This last month has been a roller coaster ride for me. My RA has been giving me fits and to top it off my electrolytes keep getting out of wack. I’m on Simponi infusions every 8 weeks, have hyperthyroidism, osteoporosis, osteoarthritis, PsA, thrombocytopenia and heart problems. I’m fused from C-3 to T-1 and L3 to S1. I need a hip replacement and that is not possible due to my severe osteoporosis so my rheumatologist is starting me on Prolea my next infusion at the end of June. I just had an injection in my left hip to try to help alleviate some of the pain but the general anesthesia caused all kinds of havoc with my heart and a trip to the ER for chest pain. I have had two stints placed and still have a 50 % blockage in the LAD that they did not stint because it needed to be @ 70%. I’ve finally been able to reverse the electrolyte imbalance which helped with some of the spasms and bone pain but the anxiety I have from all the above is going to throw me completely over the edge lately. I have two bad heart valves. I’m so tired of being sick and tied and not being able to do the things I want to do. I’m a retired ER/ ICU nurse so idle time has never been in my vocabulary. I’m going insane here. I haven’t posted in a long time I’m more of a reader and do pray for each of you daily. I just feel so lonely here. Just needed to vent that’s all. I appreciate your time if you read this far 😁 #Anxiety
#Hip bone on bone
Lipid quantity and quality
People with type 2 diabetes or type 1 diabetes with insulin resistance commonly experience a special type of hyperlipidemia known as “diabetic dyslipidemia” characterized by high triglycerides (>300mg/dL), low HDL (<30mg dl),="" and="" a="" qualitative="" chang=""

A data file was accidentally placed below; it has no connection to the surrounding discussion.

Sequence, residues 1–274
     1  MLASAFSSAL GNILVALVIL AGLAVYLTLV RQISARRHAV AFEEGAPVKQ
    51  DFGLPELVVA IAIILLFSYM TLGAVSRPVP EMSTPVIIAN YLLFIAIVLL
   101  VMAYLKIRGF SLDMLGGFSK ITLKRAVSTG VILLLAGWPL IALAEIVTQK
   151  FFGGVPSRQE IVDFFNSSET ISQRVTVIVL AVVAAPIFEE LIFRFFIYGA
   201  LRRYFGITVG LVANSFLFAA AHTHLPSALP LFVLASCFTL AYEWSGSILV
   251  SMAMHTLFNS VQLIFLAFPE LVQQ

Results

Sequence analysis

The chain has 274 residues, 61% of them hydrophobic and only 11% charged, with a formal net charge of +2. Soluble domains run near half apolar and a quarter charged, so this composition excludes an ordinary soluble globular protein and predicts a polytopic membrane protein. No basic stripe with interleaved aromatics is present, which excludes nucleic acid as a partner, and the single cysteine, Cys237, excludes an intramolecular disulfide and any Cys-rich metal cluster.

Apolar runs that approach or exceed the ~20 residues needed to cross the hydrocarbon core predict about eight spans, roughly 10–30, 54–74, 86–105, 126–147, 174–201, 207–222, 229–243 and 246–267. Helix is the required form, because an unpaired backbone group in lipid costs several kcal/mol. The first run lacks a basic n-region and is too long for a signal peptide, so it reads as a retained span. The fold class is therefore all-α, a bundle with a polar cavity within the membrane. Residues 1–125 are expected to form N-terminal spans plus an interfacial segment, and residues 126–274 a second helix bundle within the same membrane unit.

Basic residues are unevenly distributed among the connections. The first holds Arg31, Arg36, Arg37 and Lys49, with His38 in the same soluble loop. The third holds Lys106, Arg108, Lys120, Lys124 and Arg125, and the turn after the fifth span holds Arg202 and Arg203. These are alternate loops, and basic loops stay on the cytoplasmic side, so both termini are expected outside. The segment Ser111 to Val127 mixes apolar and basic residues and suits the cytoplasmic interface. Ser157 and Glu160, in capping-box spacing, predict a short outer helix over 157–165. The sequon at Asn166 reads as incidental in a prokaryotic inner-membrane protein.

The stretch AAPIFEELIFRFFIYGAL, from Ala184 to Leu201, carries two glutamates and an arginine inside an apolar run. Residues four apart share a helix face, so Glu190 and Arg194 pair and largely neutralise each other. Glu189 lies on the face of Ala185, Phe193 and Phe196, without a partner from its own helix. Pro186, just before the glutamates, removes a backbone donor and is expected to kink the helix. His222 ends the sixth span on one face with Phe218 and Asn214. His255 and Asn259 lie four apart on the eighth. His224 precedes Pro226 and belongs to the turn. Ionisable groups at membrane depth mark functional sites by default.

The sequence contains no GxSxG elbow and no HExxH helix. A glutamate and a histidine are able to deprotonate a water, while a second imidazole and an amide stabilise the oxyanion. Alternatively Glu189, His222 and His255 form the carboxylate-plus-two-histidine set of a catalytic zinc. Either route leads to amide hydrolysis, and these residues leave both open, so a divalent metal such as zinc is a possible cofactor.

Because of this structural change in the LDL, dyslipidemia in diabetes significantly increases the risk for both coronary heart disease and peripheral arterial disease. In fact, cardiovascular risk often exists years prior to an actual type 2 diagnosis due to the metabolic syndrome (HTN, insulin resistance, hyperlipidemia, abdominal obesity) that often precedes diagnosis.
Lipid control is therefore paramount to decrease morbidity and mortality in diabetes. Diet and exercise are the first-line treatment, but statin therapy is also effective and often necessary. The ADA recommends high intensity statin therapy in all PWD diagnosed with cardiovascular disease as well as PWD between 40-75 years with diabetes and additional risk factors. Moderate intensity statins are recommended for all PWD above age 40, even if no additional risk factors are present.
Statins have been known to have some significant side effects; most commonly, muscle cramping, fatigue, headaches, and digestive discomfort. Please weigh these risk/benefits with your clinician.
I find it SO interesting that insulin resistance can actually change the structure of LDL. There are certain diets that can help mange insulin resistance. The most popular is a whole food, low fat diet which aims to reduce insulin resistance by cutting out animal fats. This diet has helped me decrease my TDD by 1/3!
Ultimately, risk reduction is complicated, multi-factorial, and should be discussed with your clinician.#Diabetes #DiabetesType2 #DiabetesType1 #ChronicIllness #hyperlipidemia